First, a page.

So, the first thing I’ve got to do is obviously find laborers because we don’t bring that many laborers with us. It’s is usually only 3 or 4 out of my office that come with us. So, we use local labor companies to help out the community, too, because we hire locally. We call the local companies to send us workers. And I usually get the amount of workers that I need. And a plan of action together to get it done and I’ve got to figure out how many people I need for how many days and supplies that I need, and dumpsters and all that good stuff – equipment. I planned it all out ahead, of course. And then, we proceed with the work. In this particular job, I had about between 15 and 25 people every day for about 8 or 9 days there and we were just hauling stuff out of the basement in garbage bags and carts, the easiest way we could do it.
We pumped out a lot of water. It was really a mess, so we had to clean out a lot of stuff. We had to take out every wall in the basement. And then, we also had to do the first level demo, take out the floors. We take out anything, especially when it is water like this that comes from sewers and streets. We take out anything that the water touched, we have to take out. If it is metal or obviously something that we can’t take out, we clean it, we disinfect it. Everything else, we take out, and then the rest of it gets dried out by our equipment. We leave the equipment in usually between 4 and 5 days – all our dehumidifiers and air movers, too. We have meters to check obviously. When stuff is dry, then we pull the equipment out and usually the job is done.
Q: Can you describe what, if any, safety precautions you have to take during a cleanup?
A: Oh, yes. I always take safety precaution. They all have to wear their PPEs we call them, personal protective equipment – masks, gloves, boots, safety boots, suits, so they don’t get that stuff all over their bodies. We put them in tie bag suits. We watch them all the time and we always make sure they don’t get in any dangerous situation because some people, if you don’t watch them, they will be pulling stuff out of the ceiling without a hard hat or something. So, we make sure they are wearing their hard hats. You explain it to them. I always have a meeting in the morning and the first thing I discussed is safety and PPEs, tell them what they are supposed to be wearing and that they should wear them all the time. And I watch them. And if I find somebody not wearing something, I usually warn them a couple of times, you know? And then, if they continue to do it, I have to send them home, you know, because I get because that’s a liability for us. But they are pretty good. They like to be safe, so that is not an issue usually.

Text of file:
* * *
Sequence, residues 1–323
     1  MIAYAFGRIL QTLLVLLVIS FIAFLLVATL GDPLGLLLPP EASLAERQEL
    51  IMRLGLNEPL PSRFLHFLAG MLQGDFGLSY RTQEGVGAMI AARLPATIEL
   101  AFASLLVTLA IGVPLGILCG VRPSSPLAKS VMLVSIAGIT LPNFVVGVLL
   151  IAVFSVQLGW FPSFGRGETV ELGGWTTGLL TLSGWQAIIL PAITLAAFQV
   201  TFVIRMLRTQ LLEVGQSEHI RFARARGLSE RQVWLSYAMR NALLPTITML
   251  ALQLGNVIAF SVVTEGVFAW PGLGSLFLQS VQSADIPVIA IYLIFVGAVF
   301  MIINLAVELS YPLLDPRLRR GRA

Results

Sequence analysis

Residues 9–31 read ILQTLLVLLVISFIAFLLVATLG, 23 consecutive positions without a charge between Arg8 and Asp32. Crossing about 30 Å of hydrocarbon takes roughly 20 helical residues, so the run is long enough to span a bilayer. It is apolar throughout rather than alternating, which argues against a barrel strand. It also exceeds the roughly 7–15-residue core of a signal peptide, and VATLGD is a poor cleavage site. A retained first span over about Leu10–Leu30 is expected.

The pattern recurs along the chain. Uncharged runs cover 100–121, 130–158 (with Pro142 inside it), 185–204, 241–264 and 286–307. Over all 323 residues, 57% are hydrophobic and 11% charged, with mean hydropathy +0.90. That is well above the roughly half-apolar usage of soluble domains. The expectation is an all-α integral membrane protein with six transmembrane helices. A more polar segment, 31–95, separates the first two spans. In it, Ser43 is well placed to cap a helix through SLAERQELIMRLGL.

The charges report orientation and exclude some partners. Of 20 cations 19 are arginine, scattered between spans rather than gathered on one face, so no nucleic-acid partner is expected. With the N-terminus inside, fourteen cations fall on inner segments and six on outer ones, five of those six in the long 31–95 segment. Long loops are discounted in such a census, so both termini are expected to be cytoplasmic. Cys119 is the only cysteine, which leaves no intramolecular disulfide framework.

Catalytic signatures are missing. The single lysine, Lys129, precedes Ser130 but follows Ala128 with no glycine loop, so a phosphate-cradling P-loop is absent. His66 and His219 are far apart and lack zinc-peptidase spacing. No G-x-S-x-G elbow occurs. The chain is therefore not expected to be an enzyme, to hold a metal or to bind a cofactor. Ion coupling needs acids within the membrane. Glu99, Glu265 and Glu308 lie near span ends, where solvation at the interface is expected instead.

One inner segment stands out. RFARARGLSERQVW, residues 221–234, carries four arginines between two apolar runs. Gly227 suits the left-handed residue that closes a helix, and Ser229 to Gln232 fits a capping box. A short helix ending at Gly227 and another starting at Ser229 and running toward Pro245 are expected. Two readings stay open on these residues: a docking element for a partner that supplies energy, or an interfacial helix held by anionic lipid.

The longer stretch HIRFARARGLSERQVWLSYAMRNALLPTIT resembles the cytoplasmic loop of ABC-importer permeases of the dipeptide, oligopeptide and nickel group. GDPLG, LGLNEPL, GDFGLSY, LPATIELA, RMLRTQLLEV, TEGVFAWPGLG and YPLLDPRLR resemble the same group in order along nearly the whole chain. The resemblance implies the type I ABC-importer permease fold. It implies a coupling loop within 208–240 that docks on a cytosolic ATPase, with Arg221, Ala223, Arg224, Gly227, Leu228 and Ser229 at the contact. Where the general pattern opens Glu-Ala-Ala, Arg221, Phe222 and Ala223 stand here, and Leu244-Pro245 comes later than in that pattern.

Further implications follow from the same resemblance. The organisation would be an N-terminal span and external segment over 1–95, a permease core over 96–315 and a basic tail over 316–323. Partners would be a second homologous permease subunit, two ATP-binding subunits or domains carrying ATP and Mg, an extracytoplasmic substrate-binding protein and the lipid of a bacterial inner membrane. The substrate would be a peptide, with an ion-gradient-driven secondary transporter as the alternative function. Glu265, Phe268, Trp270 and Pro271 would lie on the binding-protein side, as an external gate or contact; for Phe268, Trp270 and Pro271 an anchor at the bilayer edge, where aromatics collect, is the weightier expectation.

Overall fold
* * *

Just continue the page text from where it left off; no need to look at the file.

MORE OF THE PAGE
Q: And then, you have mentioned this before but what steps are taken to sanitize a building after the cleanup?
A: After the cleanup, well, what we do is we have certain chemicals that we use. I don’t want to really want to say what they are, but we have our own Servpro chemicals that we use to… We wipe everything down by hand. First, we spray it to give it the initial thing
and then after we wipe it down by hand, anything that’s been contaminated. We have rags, we have chemicals, we usually get the people with buckets, they put the chemical in the buckets. Most of it gets diluted a little bit with water. And they just use towels and just wipe everything down every inch of the place, you know. And like I said, what was affected. Not, like, for instance, at the Lancaster, there was only about a couple of feet affected on the first level, so we only wiped down about four feet. We always like to go over because things get cross contaminated because people touch things and stuff, so we clean a little more than what was touched by the water.
Q: And then, what sort of economic impact do these types of jobs have on the local economy when it comes to the cleanups?
A: Hard for me to say, but you know, I mean, it is one of those things where it hurts some people – obviously the people that are directly affected – but it helps out, like, we have hired people here since we have been here at all different jobs – we have had 300, 400 people that we have hired, local people that we have given work to. And we pay for lunch so we get all the food locally. I mean, you know, just think about 300 or 400 people working in one small area like this and our hotels are all right here in downtown Houston. We probably have between a few of us that are out here and maybe 50 hotel rooms that we have had for the last two months, almost 2½ months now. We all eat out around here, especially all the management, the supervisors. So, I am sure it has a good and bad effects. It is one of those things where, like I said, one person benefits from somebody else’s mishap, but overall, I would say we helped out a lot of people. I mean, we have given work to some people here that couldn’t even afford to sleep on the street where now, you know, they have made quite a bit of money working for us, you know?
Q: And then can you describe what you’ve observed from, I guess, the human emotional response to Harvey; whether it be, like, fellow employees or property owners or whoever, and how it has impacted your work or those you are helping?